Sumi sensei stopped over at Mumeishi dojo on his way from Edinburgh to the Ukraine. He spent the first hour of the two hour session taking everyone through a kihon lesson that yet again demonstrated his unusual, creative approach to teaching the basics.
This drill was geared to taking the students through the permutations of distance and timing for shikake and oji waza. With everyone working in pairs with shinai and without men and kote, he started with what he called “shadow hitting”; both partners facing each other from opposite sides of the dojo and moving forward with a big approach step and striking men with fumikomi footwork, This was done at a distance where neither partner came near to each other.
The exercise was then repeated with a small approach step and then a medium size step. The size of the cut was then changed to reflect the approach step; big step, big cut; small step small cut and so on.
After both partners had worked through these permutations in turn, sensei brought them together and had motodachi run through the sequences from the necessary distances to strike men correctly. Kakarite was asked to respond with nuki dou. Emphasis was put on striking the correct part of the target and using hiraki-ashi.
The drill was then expanded to include oji-kaeshi dou, men suriage men and men suriage kote. As people tried this it was pointed out that an active right hand was important to make the suriage effective and that suriage only works if your hands are in the centre of your body and you do not bring the point of the shinai back towards your face.
Each pair was then instructed to move into issoku ito mai and shown how to make kote kaeshi gote. This is a particularly difficult technique to achieve because of the need to create distance between blocking the cut and making your own strike. Sumi sensei made the point that you need to show your kote to prompt the attack and then block and return. If you start by showing the omote side of your shinai your opponent will not attack.
It is a lesson that takes a lot of concentration and on a hot evening people were sweating heavily even before putting on their bogu for keiko. There was an obvious improvement in most of the participants in the hour that they had been practising. With Sumi sensei’s permission, I may steal this drill and use it in some of my own lessons.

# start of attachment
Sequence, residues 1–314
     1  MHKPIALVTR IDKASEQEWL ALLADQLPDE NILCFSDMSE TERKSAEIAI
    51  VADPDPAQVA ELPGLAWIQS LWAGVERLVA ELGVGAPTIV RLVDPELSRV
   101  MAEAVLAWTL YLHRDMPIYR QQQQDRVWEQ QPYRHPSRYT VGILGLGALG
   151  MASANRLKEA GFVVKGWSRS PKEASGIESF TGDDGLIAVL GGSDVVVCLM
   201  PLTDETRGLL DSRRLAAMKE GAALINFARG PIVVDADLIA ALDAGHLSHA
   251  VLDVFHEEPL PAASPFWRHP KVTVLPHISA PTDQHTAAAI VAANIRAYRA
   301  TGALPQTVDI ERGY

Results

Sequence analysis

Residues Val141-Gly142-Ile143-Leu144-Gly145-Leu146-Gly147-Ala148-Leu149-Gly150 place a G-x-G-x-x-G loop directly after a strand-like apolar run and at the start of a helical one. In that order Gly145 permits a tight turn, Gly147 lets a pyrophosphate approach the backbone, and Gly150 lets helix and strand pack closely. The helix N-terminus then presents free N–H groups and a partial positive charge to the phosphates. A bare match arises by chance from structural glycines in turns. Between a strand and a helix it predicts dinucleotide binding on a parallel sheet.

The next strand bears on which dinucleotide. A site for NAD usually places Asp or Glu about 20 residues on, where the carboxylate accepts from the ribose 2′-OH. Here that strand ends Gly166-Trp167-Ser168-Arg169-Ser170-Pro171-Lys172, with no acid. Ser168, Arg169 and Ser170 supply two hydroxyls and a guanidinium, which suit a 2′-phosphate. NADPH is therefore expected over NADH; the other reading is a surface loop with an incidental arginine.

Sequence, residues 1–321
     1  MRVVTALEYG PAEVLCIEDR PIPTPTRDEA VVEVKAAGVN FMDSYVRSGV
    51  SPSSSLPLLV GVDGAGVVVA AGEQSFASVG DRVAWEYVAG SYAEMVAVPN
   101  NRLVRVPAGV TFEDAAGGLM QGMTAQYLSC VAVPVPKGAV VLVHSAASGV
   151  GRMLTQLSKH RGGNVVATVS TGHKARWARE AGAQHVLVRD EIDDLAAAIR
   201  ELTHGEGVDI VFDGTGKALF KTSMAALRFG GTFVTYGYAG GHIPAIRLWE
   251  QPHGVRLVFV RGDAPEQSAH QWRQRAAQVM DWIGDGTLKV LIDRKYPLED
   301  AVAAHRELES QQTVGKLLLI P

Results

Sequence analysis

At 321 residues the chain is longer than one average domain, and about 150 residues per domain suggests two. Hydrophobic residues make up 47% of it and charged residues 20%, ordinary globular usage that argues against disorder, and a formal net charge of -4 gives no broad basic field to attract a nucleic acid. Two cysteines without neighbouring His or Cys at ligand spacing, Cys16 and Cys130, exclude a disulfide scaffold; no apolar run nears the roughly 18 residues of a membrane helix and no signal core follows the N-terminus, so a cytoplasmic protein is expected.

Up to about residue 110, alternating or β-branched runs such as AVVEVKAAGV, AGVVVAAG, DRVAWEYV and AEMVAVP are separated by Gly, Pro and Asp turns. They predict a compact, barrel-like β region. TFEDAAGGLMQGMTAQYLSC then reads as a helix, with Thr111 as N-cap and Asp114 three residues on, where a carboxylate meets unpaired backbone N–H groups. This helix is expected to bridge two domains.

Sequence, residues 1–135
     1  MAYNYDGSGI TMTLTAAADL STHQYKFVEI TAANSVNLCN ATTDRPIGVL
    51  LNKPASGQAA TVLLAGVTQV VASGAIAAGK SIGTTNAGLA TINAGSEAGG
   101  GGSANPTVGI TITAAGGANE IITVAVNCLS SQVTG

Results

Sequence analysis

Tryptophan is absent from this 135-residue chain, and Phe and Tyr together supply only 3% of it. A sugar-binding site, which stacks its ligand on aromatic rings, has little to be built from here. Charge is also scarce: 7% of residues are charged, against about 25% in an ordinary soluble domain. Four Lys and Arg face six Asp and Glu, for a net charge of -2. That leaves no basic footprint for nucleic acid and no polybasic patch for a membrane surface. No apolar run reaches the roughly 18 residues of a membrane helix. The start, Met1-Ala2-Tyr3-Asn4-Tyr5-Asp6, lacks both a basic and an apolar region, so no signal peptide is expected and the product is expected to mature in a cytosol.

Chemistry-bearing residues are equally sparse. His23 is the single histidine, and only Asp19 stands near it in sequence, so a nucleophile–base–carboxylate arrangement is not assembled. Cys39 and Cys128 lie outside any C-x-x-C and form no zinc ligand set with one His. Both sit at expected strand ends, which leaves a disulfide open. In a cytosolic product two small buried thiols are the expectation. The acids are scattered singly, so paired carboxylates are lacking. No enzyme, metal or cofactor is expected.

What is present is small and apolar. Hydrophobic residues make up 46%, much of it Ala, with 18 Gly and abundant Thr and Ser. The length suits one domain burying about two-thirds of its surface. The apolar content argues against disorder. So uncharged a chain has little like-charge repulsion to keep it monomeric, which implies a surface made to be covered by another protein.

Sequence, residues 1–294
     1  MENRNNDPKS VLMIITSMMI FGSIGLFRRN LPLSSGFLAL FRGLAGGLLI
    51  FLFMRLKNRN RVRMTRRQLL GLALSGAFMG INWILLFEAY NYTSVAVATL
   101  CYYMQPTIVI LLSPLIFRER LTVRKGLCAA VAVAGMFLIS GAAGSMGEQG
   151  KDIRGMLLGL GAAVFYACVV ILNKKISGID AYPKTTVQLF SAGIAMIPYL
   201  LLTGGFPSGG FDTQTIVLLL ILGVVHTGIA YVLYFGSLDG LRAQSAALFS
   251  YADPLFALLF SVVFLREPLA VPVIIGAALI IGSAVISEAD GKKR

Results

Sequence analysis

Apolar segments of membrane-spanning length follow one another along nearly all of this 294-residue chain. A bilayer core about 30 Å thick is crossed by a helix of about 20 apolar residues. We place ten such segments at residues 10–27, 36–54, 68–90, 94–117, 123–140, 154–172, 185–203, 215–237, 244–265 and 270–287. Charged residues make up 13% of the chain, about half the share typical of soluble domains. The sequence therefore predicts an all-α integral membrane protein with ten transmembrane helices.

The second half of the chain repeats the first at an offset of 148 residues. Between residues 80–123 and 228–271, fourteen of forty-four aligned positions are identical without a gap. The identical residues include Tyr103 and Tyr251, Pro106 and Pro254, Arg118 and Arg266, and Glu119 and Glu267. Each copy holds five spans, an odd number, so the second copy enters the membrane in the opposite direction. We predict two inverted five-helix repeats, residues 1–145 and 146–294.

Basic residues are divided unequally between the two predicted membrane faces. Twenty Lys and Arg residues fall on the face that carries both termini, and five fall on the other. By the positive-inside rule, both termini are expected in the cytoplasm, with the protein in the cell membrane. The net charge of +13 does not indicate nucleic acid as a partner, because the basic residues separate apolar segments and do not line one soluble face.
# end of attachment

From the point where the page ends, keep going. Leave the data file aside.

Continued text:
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Watchet Seminar Group 2013
I enjoy teaching at kendo seminars. They offer the opportunity to try to make to make a difference to the kendo of a group of people from various dojo in a short period of time. As I mentioned in last week’s post, this was the weekend of the annual Watchet seminar and the theme was “making opportunities to attack”. Obviously this is a broad subject and encompasses the whole gamut of shikake and oji waza. I was privileged to work with the senior group and I and Terry Holt sensei ran through numerous drills, making the connection to how these techniques fit into the sansatsuho.
As there is a grading examination on the second afternoon, the seminar lasts for a day and a half and includes kata practice and keiko as well as warm-ups and basic kihon. The second morning is mostly a reprise of the first day with a chance to work on any problem areas. The timetable allowed us an hour to run through the whole range of men, dou and kote techniques, trying seme waza, osae and harai waza and then progressing through debana , suriage, kaeshi, uchiotoshi and nuki techniques. Although we had spent a more leisurely three hours on these on Saturday, the review session felt like it was happening in fast forward and the students did a great job to keep up with the pace.
Some waza were new to some people and old favourites for others. In some cases different instructors bring a slightly different approach to techniques that you already know and that sometimes is the catalyst that turns a never used technique into a favourite. In most cases the biggest improvements happen when you take the seed of technique back to your own dojo and work on it. Although kendo associations try to combine seminars and grading examinations for convenience, a seminar held three months ahead of an examination would probably show the best results.
The one thing that I am sure was obvious to most people is that in kendo, as in the rest of life, you have to “make it happen”. Shikake waza does not work unless you break your opponents centre and oji waza is effective only if you control your opponents timing and pull him into your counter attack. I am delighted to say that everyone bought whole-heartedly into this concept and the quality of kendo in the keiko sessions and the examination lifted accordingly.
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Posted in Kendo opportunity to attack, tagged debana waza, kaeshi-waza, Kendo timimg, Making opportunities in kendo, nuki-waza, ojiwaza, sansappo, sansatsuho, Shikai, shikake-waza, suriage waza on May 13, 2013 |